Think about spending the money. When can I have it? Hang on!
I'll just get it out... Will you?
OK, Michael, moment of truth.
I kind of voted this on. I said we don't get enough big furniture. I love that table.
I just hope there are oak dealers that see the value in it.
One leaf is wrong. With the right leaf back on,
it might take six years to find it, but it'd be worth £900.
You know that, don't you? Yes. If it doesn't go, we should find you an extra leaf for it somewhere.
You can help me carry it! Of course.
I'm more nervous than you are, I think.
Starting the bidding with me at 275. 300, 325. Here with me at 325.
The bidding is at 325... Oh, come on.
At £325, all finished? 325, then...
Ah! Ah! That was my neck on the block. We were 70 quid out.
Really, three is just too low. It is. It's worth hanging on to.
Sorry about that!
How are you feeling? Nervous. Now I'm stood here, I'm slightly nervous.
It's a lovely clock, isn't it? I think so. I love the detail.
It hasn't been fiddled around with. Lovely mahogany.
So who knows? Right, here we go.
Lot 484. As viewed and being pointed out to you there
on the screen in the centre.
Come on, come on. Start it. I'll start at £200. At £200...
At £200... 200, 210.
220, 230, 240. Slow climb.
250 is bid there. Yes. £250.
At 250. Any advance on 250, then?
Fair warning. Lady's bid at 250...
Fantastic. Fantastic. Well, it's 250 quid there.
Absolutely. Yeah, we'll make fine use of that, definitely. Good.
Treat the wife and kids. Yes. She'll be pleased. Good.
She doesn't have to dust it any more!
Hi, Sheila. Hello. Who have you brought along? Husband? Roger.
How do you do? This was in your family. That's right.
So is the money going to him? Oh, no! "No, it's going to me! My pocket!"
We'll share. Did you ever use this basket?
No, for years it was on the sideboard with a silver tray and I got fed up with cleaning it.
So it went in the loft about 13 years ago and hasn't been out since.
It's great quality, isn't it?
Yes, lovely. The handle's marked as well, which is quite important.
We've put a reserve of £80, which I think is quite cheap. Good.
Are you excited? Nervous? Excited.
Right, this is it.
Lot 383. Being held up for you there.
No use to you in Spain, is it? No!
70, 80, 90, £100. It's gone.
110's there. Keep going... Not bidding 120?
No? Yeah, go on...
At 110. At £110. Anyone else?
At £110... Selling at 110. That's good.
Sold! That's good. Pleased? Yeah.
No more cleaning!
We got through, Kate. Excellent. Someone got a bargain.
Are you nervous? You are, aren't you? I can see. I'm beginning to get really worried. Really?
People might have bid themselves out by now! Maybe nobody will bid for it.
I'm sure they will. It's quality. We've represented Tattersalls' very well with our art. Yes.
You've done well so far? Yours is the first lot up in art.
But we did provide the front cover. Which wasn't mine, but I did get a picture.
It looked brilliant on the internet. It looked so nice, I didn't want to part with it!
This was bought for 10 bob. Yes, that's right.
Was it Norris's, the auctioneers? No, in the market!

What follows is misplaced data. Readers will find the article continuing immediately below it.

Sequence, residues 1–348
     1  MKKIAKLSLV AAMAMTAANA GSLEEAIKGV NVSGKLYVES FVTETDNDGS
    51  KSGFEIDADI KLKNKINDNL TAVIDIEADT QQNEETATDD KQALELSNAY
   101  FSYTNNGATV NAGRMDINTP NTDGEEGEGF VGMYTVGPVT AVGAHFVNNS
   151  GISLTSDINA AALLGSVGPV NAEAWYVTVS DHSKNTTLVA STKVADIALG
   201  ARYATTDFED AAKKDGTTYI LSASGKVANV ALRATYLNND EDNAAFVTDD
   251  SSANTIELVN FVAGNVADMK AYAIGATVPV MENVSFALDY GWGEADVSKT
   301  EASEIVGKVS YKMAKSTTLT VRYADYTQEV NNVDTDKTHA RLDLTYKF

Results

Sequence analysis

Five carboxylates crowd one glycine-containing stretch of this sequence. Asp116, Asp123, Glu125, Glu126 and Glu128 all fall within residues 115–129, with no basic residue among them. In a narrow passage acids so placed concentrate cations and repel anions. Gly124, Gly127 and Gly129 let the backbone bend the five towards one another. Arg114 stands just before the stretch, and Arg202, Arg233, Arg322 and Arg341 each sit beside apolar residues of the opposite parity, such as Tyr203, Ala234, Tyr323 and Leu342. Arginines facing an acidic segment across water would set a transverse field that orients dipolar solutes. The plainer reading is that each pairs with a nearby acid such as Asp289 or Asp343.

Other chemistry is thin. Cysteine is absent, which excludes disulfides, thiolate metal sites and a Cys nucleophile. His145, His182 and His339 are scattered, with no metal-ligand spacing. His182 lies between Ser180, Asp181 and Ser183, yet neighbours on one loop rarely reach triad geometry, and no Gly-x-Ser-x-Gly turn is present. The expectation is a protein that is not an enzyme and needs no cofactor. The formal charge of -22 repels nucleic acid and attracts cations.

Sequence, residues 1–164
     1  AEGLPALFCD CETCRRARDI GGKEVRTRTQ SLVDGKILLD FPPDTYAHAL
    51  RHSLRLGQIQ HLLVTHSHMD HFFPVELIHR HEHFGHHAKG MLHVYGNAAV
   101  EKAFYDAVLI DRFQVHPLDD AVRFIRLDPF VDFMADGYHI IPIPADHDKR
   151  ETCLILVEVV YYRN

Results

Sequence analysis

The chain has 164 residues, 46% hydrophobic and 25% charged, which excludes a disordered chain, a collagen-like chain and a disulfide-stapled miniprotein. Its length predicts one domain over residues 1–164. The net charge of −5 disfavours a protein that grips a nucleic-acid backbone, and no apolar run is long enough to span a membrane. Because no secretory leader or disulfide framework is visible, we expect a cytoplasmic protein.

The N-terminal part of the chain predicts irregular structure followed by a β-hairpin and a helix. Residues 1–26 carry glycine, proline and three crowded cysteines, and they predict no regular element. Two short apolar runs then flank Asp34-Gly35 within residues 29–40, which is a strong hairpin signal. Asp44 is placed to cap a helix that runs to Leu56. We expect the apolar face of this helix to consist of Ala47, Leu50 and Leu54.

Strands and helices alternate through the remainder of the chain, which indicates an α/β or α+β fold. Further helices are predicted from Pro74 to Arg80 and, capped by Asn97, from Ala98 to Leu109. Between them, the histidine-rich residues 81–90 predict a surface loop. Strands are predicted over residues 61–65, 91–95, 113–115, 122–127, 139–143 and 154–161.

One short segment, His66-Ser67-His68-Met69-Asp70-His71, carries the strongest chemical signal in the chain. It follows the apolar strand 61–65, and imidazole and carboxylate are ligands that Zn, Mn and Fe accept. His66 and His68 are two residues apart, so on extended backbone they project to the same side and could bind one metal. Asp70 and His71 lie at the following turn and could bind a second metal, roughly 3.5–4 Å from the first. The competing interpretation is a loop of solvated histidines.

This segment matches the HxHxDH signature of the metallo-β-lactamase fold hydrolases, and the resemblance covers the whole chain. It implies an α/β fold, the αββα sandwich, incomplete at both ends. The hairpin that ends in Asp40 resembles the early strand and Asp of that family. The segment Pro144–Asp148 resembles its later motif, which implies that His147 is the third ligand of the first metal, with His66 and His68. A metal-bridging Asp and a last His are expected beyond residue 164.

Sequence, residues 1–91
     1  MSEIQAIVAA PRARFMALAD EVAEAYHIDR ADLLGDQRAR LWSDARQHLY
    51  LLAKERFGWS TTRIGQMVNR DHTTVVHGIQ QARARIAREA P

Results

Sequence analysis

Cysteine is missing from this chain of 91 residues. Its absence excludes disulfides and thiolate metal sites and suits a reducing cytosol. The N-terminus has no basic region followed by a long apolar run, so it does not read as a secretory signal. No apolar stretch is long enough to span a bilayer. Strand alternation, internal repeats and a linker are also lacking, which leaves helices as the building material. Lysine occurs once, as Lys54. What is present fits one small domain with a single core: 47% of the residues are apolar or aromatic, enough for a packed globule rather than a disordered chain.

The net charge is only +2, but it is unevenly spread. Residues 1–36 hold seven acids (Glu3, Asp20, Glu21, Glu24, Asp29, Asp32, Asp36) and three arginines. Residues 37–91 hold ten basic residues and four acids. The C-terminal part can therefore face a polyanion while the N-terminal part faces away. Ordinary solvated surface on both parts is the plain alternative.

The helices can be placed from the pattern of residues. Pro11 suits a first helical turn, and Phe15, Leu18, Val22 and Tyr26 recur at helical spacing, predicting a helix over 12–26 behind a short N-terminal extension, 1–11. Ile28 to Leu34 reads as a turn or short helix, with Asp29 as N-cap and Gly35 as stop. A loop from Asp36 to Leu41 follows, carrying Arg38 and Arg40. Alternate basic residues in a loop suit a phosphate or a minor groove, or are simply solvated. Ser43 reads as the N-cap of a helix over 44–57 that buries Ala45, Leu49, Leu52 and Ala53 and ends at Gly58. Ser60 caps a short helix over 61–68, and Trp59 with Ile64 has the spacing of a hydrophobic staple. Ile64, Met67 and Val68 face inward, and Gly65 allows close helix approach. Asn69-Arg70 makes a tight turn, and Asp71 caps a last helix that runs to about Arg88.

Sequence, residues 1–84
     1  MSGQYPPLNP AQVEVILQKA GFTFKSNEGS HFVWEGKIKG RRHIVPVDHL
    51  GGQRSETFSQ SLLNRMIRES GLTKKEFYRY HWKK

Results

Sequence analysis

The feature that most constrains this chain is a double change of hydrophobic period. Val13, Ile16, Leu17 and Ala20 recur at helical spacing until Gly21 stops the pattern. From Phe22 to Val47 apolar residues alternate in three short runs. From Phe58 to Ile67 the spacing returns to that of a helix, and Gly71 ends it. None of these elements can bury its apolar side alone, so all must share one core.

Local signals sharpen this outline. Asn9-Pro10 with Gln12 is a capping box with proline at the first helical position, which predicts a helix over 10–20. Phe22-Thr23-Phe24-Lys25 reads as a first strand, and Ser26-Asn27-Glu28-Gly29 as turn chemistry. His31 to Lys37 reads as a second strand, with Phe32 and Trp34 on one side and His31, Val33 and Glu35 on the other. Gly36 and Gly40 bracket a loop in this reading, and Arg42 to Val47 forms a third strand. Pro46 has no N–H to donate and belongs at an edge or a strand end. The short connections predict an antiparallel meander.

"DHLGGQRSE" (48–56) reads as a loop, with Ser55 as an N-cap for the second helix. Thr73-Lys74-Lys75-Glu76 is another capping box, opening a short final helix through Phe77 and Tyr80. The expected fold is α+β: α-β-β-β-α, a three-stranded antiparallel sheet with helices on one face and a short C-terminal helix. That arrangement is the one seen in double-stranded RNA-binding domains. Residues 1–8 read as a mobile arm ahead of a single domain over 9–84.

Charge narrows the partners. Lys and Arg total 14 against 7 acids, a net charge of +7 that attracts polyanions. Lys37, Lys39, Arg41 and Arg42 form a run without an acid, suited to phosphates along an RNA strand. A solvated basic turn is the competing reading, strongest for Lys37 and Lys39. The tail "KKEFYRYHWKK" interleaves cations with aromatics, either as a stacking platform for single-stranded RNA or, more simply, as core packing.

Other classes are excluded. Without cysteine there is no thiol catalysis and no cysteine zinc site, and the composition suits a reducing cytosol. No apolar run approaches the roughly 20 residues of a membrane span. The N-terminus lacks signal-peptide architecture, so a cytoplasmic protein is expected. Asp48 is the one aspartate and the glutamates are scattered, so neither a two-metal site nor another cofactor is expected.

Yes, 1949. It's a long time ago. Before your time. Yes, just slightly.
Have you seen this ponytail? It is tremendous. Absolutely stunning.
The Arsenal goalkeeper is trying to copy your style, Frances.
Superb. Here we go.
Being held up for you there.
How are the legs feeling? Quite a few bids here... Oh!
500, 550, 600, 650...
Yes! 700, 750... On the telephone, is it?
£900. Any bid at 900? At £900...
Come on, telephone! 900...
At 900... 920 now.
I'll take 950, quickly... Yes!
950. He's not saying bang yet.
I'll take 980. Anyone else? What about the telephones?
Sold! Bang! Yes! 950!
Brilliant. You MUST be an expert!
It's lovely. And it's gone now.
Aww, are you sad? The nerves have gone, anyway.
Your debts are paid off. And I think you got a good price.
Yes. And I've got a picture of it in the catalogue,
so I can remember it. Thanks, Frances. It was exciting.
Well, I told you not to worry about the empty auction room.
The telephone and commission bidders have done us proud.
Gillian's Minton owl went mid-estimate at £360.
It's been super. We've enjoyed the whole exercise.
Angela's dressing table set went through the roof at £550.
I was shocked with 200 and now I just can't believe it. Over the moon!
Jan's made a total of £550, which should leave her £500 when she's paid her commission.
I'm very happy. Yes, very happy.
Sadly, Mike's table failed just to make its reserve, but it would have if they'd let me bid!
I'm sorry. We both know it's worth £400.
And Frances! What a star! She urged that bidding on with willpower alone
until her painting made £950!
I'm a bit relieved that it's over. The tension built up!
You gave us a wonderful commentary.
It goes so fast and you have to concentrate. It goes by...
And telephone bids, previous bids... It all goes at once.
I've been concentrating all morning, but I was really excited. I'll go have a cup of tea!
That's it for today's show. Hope you've enjoyed it as much as we have.
And see you next time on Flog It!
Subtitles by Subtext for BBC Broadcast - 2002